Note:  If you need to hide veggies in order to get your kids (or you) to eat them, I would add shredded carrot or zucchini to this recipe.  I’ll update this page once I try it.  My guess at this point would be to add about ¾ cup of either shredded carrot or shredded zucchini.

Fear not, my Twinkie loving friends…

17 Nov

I am a huge lover of books.  Actual books.  Though I adore my Kindle and Kindle Fire, I still can’t let go of the huge bookcase full of books in the garage.  When I can see how many pages I’ve read and pace myself as I read the remaining pages, I feel like I read faster.  I do the same thing with mileage when we take long car trips – it drives my husband crazy!

Many, many years ago, I purchased a cookbook; not odd, since I love cooking and will actually read through every single page of a cookbook as soon as I get it home.  However, this was not a cookbook that would have normally appealed to my tastes.  It was a cookbook with recipes that emulate “America’s Favorite Foods”, as quoted on their website.  I am not a huge fan of fast-food, but I was so intrigued by this book, that I had to have a copy!  Lucky for my Twinkie-loving friends, I remembered this book and can share it with you now.

Unless you are living under a rock, you have likely heard that the Hostess shutdown has prompted a run on Twinkies across America.  In this age of Pinterest, DIY and everything about homemade anything, it should be no problem for the crafty, cooking folk to whip up a batch of homemade Twinkies!

I have not tried this recipe myself, but with all the talk about Twinkies in the last 24 hours or so, I may give it a go.  If you are like me and need to have the book, it is sold on the author’s website and on Amazon.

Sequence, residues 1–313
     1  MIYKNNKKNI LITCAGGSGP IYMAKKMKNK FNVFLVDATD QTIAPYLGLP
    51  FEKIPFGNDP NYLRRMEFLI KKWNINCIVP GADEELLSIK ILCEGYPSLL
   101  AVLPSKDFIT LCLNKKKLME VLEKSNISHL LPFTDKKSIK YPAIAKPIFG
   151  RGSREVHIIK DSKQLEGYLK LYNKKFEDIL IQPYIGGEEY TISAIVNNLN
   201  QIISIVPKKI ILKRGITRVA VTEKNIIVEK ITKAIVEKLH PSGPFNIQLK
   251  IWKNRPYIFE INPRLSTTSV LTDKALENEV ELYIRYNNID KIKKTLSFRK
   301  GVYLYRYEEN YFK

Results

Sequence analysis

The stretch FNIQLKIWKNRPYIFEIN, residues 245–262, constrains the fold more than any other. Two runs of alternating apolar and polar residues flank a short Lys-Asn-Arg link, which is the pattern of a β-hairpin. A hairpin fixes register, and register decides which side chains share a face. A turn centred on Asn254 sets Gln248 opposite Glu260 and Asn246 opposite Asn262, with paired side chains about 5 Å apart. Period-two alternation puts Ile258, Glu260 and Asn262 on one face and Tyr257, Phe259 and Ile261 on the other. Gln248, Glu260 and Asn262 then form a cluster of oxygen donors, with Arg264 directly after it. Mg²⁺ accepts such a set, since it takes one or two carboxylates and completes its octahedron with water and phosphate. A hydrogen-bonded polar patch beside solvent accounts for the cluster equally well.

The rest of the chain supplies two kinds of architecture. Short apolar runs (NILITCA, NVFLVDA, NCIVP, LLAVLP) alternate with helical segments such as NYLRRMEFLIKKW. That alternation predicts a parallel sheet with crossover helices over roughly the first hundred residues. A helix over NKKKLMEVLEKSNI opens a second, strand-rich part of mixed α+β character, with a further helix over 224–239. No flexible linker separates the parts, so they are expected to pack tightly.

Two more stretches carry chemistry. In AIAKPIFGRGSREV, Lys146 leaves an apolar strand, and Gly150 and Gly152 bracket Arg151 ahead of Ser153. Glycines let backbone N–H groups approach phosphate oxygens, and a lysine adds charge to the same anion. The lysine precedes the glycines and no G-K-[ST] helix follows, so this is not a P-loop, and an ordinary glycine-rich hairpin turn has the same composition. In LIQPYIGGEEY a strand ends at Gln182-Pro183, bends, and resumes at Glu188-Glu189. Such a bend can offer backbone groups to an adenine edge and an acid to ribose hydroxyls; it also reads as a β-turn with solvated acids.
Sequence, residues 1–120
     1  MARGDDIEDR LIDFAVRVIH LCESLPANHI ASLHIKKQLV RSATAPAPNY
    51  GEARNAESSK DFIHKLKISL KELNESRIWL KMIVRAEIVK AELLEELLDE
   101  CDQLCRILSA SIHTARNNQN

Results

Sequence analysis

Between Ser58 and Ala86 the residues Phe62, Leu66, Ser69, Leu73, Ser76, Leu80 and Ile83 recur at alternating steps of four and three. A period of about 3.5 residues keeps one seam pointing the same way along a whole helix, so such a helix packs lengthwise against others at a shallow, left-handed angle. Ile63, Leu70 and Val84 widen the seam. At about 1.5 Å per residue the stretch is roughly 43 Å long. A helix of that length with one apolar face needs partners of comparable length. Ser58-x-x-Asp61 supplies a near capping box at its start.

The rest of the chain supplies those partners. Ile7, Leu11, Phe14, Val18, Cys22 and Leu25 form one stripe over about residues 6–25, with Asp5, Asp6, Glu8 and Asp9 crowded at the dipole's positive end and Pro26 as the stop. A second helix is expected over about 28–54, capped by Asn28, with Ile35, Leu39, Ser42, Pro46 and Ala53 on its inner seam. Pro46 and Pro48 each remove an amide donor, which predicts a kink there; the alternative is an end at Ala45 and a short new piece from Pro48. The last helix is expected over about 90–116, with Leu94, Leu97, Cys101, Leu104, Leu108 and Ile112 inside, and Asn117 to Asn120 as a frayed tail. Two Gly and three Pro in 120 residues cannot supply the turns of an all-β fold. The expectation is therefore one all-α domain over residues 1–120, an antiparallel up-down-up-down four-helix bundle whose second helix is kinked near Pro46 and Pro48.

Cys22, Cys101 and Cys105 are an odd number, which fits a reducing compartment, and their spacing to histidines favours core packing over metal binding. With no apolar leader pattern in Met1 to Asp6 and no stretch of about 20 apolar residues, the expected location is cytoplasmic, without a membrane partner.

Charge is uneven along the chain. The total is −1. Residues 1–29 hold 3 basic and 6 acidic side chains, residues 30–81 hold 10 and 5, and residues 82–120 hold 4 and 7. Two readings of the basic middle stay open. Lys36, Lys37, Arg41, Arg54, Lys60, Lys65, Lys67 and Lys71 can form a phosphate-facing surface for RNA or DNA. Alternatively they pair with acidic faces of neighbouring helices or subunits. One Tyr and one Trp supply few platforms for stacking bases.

This recipe is from Todd Wilbur’s book, Top Secret Recipes.

Top Secret Recipe’s Version of Hostess Twinkie 

You will need a spice bottle, approximately the size of a Twinkie, ten 12×14-inch pieces of aluminum foil, a cake decorator or pastry bag, and a chopstick.

*It should be noted that the author has updated the crème filling recipe, here is the link.

I imagine you could also make these in a muffin tin, and save some of the time of setting up the forms – but if you are a die-hard, classic Twinkie eater…knock yourself out!  If you end up making these, let me know how they turn out!

We Just Ate the Great Pumpkin

13 Nov

Photo credit: Urban Farmer

Well, to be honest, it wasn’t all that big of a pumpkin.  It was a sugar pumpkin.  The kids didn’t want big pumpkins this year, so we picked out some sugar pumpkins.  Instead of carving them into jack-o-lanterns, they were just as happy painting them with non-toxic, water based paint (I knew I would be cooking them after Halloween).  When they decided to go with the smaller pumpkins, I instantly started scrolling through my pumpkin recipes.

I learned a few years ago that you could just bake the pumpkin whole!  I thought this was the neatest idea and after trying it, realized how super simple it is!  Just place the pumpkin on a baking sheet in a 350 degree oven and bake for approximately 45 minutes.  Let it cool for a bit before you cut it in half and scrape out the seeds and stringy parts with a spoon.  After peeling it, run the pumpkin through the food processor  or a blender and use it in place of canned pumpkin in your recipes.We strayed a little from the original recipe this time around.  In addition to using fresh pumpkin, you can use your own chicken stock.  We also did not have the pear nectar, so we used our juicer and juiced some apples and carrots instead.  With grilled cheese sandwiches, it was the perfect fall meal!

Ginger-Pumpkin Soup

Ingredients:

2 can(s) (15-ounce) pumpkin puree

3 can(s) (14 1/2-ounce) chicken broth 1 can(s) (11 1/2-ounce) pear nectar

1/3 cup(s) creamy peanut butter

2 clove(s) garlic, finely chopped

2 tablespoon(s) grated fresh ginger root

2 tablespoon(s) finely chopped green onion

1 tablespoon(s) fresh lime juice

1/2 teaspoon(s) salt

1/4 teaspoon(s) ground cayenne pepper

Toasted pumpkin seeds (optional)

Chopped chives (optional)

Directions:

  1. In a 6-quart saucepan, combine pumpkin puree, chicken broth, and pear nectar. Bring to a boil over high heat. Cover, reduce heat to low, and simmer 10 minutes.